Texas Governor Speaks Out on Release of Immigrants
The Texas Governor, outraged at the release of undocumented immigrants due to Federal budget cuts, has written a letter of protest to Immigration and Customs Enforcement.
Reports that the federal government released thousands of previously detained undocumented immigrants last week from detention centers because of budget cuts have prompted a harsh rebuke from Gov. Rick Perry.
On Monday, the governor asked Immigration and Customs Enforcement director John Morton in a letter to provide details to state and local authorities about the released immigrants, who the federal government said were deemed low-level offenders. The Associated Press reported that the administration, citing the looming budget cuts due to sequestration, released thousands of immigrants and not only hundreds as previously stated by ICE.
Perry said the release of the undocumented immigrants was "unconscionable," adding that the move "far surpasses the grandstanding Americans have come to associate with sequestration talks by potentially jeopardizing the safety of 26 million Texans." He also targeted what he called the federal government's failure to ensure border security.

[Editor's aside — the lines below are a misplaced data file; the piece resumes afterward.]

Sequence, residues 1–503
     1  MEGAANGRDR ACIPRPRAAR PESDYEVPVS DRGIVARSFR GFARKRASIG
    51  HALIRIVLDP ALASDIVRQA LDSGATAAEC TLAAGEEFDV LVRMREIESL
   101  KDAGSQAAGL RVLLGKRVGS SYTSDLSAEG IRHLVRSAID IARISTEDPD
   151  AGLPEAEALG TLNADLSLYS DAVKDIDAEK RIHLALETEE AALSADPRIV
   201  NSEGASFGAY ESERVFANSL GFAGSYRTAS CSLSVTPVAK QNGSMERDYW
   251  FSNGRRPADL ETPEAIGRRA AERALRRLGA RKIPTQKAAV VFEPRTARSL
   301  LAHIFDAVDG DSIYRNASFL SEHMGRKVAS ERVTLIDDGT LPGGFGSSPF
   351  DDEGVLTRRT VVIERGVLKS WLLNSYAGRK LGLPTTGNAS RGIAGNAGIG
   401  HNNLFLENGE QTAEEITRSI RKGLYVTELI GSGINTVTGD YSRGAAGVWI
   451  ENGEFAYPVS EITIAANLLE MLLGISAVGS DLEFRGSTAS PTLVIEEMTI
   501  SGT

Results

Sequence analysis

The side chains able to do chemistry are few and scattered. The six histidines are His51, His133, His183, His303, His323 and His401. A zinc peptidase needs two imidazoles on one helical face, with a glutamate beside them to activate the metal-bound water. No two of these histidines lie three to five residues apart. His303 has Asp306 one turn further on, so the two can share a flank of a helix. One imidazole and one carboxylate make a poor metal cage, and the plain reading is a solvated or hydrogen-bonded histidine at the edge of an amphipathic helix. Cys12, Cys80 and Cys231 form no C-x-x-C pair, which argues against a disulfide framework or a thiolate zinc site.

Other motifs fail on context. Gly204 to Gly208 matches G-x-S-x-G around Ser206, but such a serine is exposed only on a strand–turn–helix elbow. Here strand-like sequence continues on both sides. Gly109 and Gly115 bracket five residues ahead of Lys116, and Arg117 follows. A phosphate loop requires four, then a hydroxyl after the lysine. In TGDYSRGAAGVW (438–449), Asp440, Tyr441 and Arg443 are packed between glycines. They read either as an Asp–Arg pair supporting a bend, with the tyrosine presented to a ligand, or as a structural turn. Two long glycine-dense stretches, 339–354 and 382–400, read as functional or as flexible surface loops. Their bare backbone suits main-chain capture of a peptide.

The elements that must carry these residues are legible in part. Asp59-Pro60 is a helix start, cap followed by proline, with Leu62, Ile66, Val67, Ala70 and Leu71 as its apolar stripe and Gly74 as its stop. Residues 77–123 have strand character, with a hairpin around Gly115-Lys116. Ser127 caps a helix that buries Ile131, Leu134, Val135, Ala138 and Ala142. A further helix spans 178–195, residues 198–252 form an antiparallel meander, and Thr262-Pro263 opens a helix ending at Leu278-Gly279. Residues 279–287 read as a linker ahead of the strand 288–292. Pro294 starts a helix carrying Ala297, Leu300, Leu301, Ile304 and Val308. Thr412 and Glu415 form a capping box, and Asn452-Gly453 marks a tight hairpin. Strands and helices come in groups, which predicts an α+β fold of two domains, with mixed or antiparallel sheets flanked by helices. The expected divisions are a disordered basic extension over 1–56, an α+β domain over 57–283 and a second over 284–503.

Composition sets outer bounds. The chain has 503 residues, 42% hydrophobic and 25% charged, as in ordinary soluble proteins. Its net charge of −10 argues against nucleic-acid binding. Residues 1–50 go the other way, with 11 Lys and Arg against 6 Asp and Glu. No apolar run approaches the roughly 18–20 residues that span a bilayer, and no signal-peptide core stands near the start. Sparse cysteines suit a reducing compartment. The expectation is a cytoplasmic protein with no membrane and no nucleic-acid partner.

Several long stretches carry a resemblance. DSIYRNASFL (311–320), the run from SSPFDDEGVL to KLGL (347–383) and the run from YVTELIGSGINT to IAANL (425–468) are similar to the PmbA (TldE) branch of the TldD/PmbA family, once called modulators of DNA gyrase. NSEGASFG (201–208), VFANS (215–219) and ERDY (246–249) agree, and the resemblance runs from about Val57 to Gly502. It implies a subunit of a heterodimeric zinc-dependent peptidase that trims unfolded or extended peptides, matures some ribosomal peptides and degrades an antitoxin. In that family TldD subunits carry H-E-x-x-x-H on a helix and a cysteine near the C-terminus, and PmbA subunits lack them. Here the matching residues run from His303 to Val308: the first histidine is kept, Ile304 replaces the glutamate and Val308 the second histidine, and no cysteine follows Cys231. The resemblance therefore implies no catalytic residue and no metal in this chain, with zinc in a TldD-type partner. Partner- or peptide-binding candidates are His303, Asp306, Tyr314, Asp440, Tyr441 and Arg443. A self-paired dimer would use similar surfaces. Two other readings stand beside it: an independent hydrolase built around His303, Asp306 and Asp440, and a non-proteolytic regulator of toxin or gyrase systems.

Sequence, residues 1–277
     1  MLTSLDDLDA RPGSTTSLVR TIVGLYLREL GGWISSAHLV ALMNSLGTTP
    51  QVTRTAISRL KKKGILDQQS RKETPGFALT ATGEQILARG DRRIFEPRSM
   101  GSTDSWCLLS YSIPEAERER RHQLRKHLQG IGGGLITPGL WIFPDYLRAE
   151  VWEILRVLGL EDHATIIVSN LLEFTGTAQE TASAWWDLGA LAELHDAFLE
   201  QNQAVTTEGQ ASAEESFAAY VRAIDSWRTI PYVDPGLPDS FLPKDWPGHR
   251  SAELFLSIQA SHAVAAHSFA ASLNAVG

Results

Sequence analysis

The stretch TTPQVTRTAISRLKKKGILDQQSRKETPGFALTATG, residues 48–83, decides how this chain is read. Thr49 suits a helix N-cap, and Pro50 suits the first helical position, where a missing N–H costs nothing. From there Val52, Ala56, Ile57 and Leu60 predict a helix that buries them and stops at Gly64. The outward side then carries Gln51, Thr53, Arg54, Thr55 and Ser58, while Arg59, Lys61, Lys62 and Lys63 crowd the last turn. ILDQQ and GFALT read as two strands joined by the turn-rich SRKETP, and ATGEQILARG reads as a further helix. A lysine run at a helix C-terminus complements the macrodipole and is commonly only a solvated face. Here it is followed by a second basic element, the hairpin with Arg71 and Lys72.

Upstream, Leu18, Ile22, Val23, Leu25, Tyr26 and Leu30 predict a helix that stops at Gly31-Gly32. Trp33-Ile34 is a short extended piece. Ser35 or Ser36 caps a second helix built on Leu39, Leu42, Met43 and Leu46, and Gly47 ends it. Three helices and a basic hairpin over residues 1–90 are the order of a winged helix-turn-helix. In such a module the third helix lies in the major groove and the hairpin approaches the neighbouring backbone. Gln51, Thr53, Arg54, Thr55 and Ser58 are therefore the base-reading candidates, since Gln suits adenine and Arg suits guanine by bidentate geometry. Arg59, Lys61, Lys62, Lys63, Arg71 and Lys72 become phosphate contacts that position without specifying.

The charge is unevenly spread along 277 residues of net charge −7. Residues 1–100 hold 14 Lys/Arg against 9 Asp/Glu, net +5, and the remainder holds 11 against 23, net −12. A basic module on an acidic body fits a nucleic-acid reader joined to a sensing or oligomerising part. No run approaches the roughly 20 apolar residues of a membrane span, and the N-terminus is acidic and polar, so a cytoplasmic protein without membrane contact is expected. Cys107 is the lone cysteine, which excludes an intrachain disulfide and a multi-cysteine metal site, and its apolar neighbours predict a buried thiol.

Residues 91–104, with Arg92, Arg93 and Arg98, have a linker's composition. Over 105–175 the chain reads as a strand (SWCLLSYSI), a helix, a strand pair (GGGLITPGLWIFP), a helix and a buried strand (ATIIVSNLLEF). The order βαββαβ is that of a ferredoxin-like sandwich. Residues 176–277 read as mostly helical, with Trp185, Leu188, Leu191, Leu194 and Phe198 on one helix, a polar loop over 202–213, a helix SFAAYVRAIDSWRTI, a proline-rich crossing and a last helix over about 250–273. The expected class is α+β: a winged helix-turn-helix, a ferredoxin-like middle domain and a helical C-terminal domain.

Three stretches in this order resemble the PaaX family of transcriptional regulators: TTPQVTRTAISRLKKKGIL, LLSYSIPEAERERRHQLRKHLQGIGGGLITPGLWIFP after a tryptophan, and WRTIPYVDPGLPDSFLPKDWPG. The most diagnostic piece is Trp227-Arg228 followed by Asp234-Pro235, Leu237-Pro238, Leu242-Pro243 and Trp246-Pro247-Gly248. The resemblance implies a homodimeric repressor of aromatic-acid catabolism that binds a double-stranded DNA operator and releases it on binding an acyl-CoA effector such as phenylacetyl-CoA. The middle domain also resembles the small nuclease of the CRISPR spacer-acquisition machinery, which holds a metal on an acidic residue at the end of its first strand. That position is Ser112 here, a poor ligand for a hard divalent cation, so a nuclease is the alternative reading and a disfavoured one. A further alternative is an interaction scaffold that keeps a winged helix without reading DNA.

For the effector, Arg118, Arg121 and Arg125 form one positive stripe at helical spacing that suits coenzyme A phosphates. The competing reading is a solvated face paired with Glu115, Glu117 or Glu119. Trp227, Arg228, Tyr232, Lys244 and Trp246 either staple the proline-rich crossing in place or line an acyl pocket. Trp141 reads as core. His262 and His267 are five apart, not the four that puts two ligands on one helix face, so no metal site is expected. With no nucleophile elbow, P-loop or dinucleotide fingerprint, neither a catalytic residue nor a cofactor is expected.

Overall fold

“The lack of transparency and coordination between your agency and the states and citizens most affected by this decision is appalling. Americans deserve better from our federal government,” Perry wrote. “Aside from allowing this federally sponsored jailbreak to occur, ICE has also failed to provide any information regarding the number of detainees released, their countries of origin, locations where these individuals have been released, and the reasons they were detained despite repeated requests from my office.”
Texas is home to several immigration detention centers, including some that are privately run. It also utilizes the Secure Communities program, which checks the fingerprints of those arrested against a federal database to determine if the person detained is deportable under current immigration laws.
The release came just days before the across-the-board budget cuts that took effect Friday. State and federal lawmakers sounded alarm bells early on about what the cuts could mean for border security and trade. The drawdown could mean as many as 5,000 U.S. Border Patrol agents and 2,750 Customs and Border Protection agents could be furloughed.
The massive release also came the same week the Government Accountability Office released a report stating that violent crime in Texas, California, Arizona and New Mexico fell steadily from 2004 to 2011.
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